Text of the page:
A Farewell To Arms by Ernest Hemingway

Analysis of Part 1 (Chapters 1 - 5)

The opening chapter is an important one, introducing many major motifs to be developed later. In the chapter, war and death are juxtaposed against nature and life. There are trees, but they are coated in dust and the leaves fall off early because of it. The thick, green leaves not found on the trees are instead used by the troops to conceal guns in the trucks. The clear and swift-moving river water is juxtaposed against images of rain and mud as well as slow-moving troops. The image of fertility is compared to soldiers carrying artillery in front of their bellies.

The situation here is bleak. The chapter sets up a tired mood, with troops trudging incessantly through the mud. It is also soured by irony: "At the start of the winter came the permanent rain and with the rain came the cholera. But it was checked and in the end only seven thousand died of it in the army." The description of a "permanent rain" is intended to create a feeling of helplessness. The "only" in the second sentence conveys a sense of the war's scope.

The tiredness of the war is mirrored by the troops themselves. The narrator begins the second chapter with the comment that "the next year there were many victories." That is all. It is blunt and detached, as if the victories no longer matter and nobody knows what they are fighting for. Later, a shell explodes in front of Henry and instead of reacting emotionally, he simply describes the smell of the explosion: one of "blasted clay and stone and freshly shattered flint."

The narrator of the story and the protagonist are two different people, as can be seen in the soliloquy on pages 13 and 14. The protagonist is Henry Frederick during the events narrated in the book, but the narrator is clearly an older Henry, one after the events. The soliloquy itself revolves around an "it" that separates the narrator from the protagonist: it is something which "I did not know then, although I learned it later." It is something the priest "had always known" and which Henry "was always able to forget." What Henry refers to is still debated among scholars, but the most prominent opinion seems to be that the "it" refers to a questioning of faith. The argument is that over the course of the novel Henry has developed a tragic vision of sorts-a knowledge that the world is indifferent (i.e. there is no God) and that life is ultimately meaningless. A few scholars have argued that the "it" is the opposite-Henry has come to the realization that he has a soul and that death is not final. The interpretation of the novel presented here will favor the former, which is more consistent with the trends that run through Hemingway's other novels.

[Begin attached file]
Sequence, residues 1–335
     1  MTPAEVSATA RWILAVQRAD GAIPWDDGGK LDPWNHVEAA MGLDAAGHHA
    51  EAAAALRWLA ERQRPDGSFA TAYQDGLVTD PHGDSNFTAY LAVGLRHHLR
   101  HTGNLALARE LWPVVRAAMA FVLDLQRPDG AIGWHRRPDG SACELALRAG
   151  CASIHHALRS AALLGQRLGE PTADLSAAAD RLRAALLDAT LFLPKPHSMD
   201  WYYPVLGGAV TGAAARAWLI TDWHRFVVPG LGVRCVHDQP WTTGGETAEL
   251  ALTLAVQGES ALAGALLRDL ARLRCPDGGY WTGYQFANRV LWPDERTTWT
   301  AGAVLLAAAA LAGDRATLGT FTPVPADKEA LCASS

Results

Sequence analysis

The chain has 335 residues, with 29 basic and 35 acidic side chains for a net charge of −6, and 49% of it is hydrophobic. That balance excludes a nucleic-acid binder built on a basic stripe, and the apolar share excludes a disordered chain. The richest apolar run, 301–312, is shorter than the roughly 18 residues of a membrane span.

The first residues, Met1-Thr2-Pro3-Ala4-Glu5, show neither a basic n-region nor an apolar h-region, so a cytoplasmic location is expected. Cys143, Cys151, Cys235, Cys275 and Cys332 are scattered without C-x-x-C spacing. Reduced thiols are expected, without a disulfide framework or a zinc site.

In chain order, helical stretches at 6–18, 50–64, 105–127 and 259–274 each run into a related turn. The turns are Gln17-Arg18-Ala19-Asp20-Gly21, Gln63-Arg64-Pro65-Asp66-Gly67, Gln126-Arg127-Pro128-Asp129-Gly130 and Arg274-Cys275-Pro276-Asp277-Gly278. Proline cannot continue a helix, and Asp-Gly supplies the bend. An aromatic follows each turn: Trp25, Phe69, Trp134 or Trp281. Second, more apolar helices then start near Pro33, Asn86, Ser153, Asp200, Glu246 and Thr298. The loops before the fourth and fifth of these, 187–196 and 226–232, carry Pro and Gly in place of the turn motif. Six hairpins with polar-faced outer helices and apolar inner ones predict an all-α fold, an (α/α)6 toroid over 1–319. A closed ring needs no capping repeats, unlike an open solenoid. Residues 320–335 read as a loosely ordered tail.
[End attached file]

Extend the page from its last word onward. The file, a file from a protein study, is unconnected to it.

Whichever the case, at this point in the novel it is worth noting that there is already a seed of existentialism in Henry. When returning from leave, he notes that nothing seems to have changed and "evidently it did not matter whether I was there or not." The comment hints at a view that there may be no significance to living at all. At another time, Henry pronounces that "we did not do the things we wanted to do; we never did such things." Here he argues that life itself prevents a person from doing what he wishes.

Many things can be discovered about Catherine in her first conversation with Henry. She tells that she had a fiancé she was engaged to for eight years, at which point he went into the war and died: "he was killed and that was the end of it." Henry's "I don't know" which follows her tale expresses his uncertainty regarding the existence of an afterlife. In contrast, Catherine is sure there is none: "That's the end of it," she assures him. Catherine expresses regret that she didn't marry him because she was afraid of the consequences, but now realizes the meaninglessness of the consequences. Life, to her, does what it wishes to do, and her living is the struggle against circumstance.